How do you make pentatonic licks sound like jazz licks? This week I’m featuring a jazz lick created using a D minor pentatonic scale with the addition of chromatic approach notes. This is a concept that I introduced last week in my video about making the major scale sound like jazz. Chromatic approach notes are a great way to create a jazz sound in your lines, no matter how simple the harmony.
My Pentatonic Jazz Lick
I came up with my pentatonic jazz lick example by first coming up with a simple pentatonic lick. I used only the notes of the D minor pentatonic scale.
I added a chromatic approach note before the first note D. Then I added further chromatic approach notes before the 3rd note, F, the 5th note, C, the 7th note, D and the the final note, A.
You can use licks like this in any improvised scenario when you would use a pentatonic scale. You can use the chromatic approach notes to bring a jazz flavour to your lines. Why not try coming up with your own jazz licks using this method. Once you’ve written down a few licks, you can try improvising with the same method.
How to Make a Major Scale Sound Like Jazz – Bass Practice Diary – 17th November 2020
If you study harmony, you begin to realise just how important the major scale is. Diatonic harmony in its entirety realties to the intervalic relationships of the major scale (also sometimes called the diatonic scale). So, it’s hardly surprising that a major scale is a popular choice for improvisation as well. But, how do you make a major scale sound like jazz?
Why use major scales in jazz improvisation?
I think that a lot of musicians learn to analyse diatonic chord progressions in jazz standards. They know the right key to play at every point in the progression. Each key is defined by the notes of the parent scale, which in the case of major keys, is a major scale. So, you can break a lot of jazz tunes down to playing different major scales at different points in the chord progression. But the problem is, that major scales on their own don’t sound very much like jazz. So, how do you use the major scale to make jazz lines?
I’ve noticed that a lot of people learning to improvise are looking for a scale or scales that will make them sound like jazz. I don’t think it works like that. I think there are a lot of different approaches to improvising in a jazz style. Today, I’m looking at two key concepts. One is approach notes, the other is outside notes. The concept of outside notes is simple to understand. There are seven notes in any key (the notes of the major scale) and there are twelve notes in the octave (the chromatic scale). Outside notes are the five other notes that are not in the major scale. If you want your lines to sound like jazz lines, you need to come up with some creative ways to use them.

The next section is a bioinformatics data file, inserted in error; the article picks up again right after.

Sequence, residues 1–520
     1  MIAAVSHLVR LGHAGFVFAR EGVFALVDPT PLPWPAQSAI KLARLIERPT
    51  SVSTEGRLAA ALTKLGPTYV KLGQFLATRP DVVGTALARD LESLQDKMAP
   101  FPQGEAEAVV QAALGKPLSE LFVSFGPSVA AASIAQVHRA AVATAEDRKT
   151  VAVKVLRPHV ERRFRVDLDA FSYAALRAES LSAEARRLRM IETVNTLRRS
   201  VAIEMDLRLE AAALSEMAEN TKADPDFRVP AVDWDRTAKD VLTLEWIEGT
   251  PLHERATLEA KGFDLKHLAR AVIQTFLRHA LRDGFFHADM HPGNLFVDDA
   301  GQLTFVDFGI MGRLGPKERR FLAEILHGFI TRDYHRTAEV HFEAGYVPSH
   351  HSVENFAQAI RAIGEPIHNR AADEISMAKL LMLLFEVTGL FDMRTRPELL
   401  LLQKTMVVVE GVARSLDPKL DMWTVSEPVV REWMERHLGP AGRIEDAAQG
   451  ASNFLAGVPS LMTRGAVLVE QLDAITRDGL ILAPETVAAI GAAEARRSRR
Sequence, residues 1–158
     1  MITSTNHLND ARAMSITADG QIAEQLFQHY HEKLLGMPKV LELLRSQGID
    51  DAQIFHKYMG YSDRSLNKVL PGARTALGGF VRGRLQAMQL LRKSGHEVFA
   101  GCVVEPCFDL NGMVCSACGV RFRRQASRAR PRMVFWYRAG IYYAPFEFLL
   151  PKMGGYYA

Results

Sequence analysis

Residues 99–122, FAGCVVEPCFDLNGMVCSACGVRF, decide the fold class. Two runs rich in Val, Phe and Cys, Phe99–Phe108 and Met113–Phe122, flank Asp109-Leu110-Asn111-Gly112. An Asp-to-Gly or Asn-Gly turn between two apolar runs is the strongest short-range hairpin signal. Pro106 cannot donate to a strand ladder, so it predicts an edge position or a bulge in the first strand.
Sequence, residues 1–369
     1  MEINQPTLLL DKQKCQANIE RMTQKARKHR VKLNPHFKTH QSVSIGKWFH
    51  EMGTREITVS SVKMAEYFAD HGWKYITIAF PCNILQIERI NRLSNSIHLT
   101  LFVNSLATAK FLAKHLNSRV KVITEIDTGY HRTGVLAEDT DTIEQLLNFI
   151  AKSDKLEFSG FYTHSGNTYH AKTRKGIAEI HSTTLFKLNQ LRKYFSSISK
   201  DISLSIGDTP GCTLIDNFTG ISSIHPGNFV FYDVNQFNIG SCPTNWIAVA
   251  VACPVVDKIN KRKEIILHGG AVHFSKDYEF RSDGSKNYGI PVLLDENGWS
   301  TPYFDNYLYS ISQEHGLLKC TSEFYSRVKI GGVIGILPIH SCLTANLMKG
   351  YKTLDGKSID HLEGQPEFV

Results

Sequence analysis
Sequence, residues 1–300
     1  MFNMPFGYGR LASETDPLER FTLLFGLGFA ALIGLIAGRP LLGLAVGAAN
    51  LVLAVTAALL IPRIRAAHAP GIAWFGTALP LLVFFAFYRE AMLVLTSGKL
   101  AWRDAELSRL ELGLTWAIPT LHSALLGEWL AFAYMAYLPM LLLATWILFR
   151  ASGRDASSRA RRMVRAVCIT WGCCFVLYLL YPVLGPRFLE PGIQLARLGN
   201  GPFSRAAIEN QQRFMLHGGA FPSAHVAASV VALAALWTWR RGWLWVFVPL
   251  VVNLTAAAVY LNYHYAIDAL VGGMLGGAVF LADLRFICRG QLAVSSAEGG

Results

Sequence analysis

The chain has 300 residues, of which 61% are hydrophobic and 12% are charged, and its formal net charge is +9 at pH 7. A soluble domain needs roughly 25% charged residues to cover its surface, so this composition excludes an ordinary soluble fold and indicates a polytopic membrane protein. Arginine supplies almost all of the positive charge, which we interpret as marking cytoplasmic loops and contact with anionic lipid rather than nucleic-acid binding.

A simple and great way to begin to incorporate some outside notes into a major scale, is with the use of chromatic approach notes. A chromatic approach note can be as simple as picking a target note from the parent scale, and playing a semi-tone (one fret) below or above that note before you play it. Of course, not all of these chromatic approach notes will be outside notes. If your target note is the major 7th, and you play a chromatic approach note above that note, you’re playing the root note. But some (most) of your chromatic approach notes will be outside notes. And that’s enough to bring a jazz flavour to your lines.
Play a major scale with chromatic approach notes
This is an exercise that I featured in the video.
I’m playing a C major scale in ascending thirds (root, 3rd, 2nd, 4th, 3rd, 5th etc). Each third interval is two notes. I’m then adding a chromatic approach note before and below the first, lower note. So, C, E (Root, 3rd) becomes B, C, E, a three note grouping. D, F (2nd, 4th) becomes C#, D, F.
It sounds good, but it sounds like an exercise. I want to make it sound less like an exercise and more like an improvised jazz line. Try mixing up the exercise by varying the chromatic approach notes either above or below the target notes. You can also vary whether you play your thirds ascending or descending. When you play a descending third you can play the approach note before the higher of the two notes.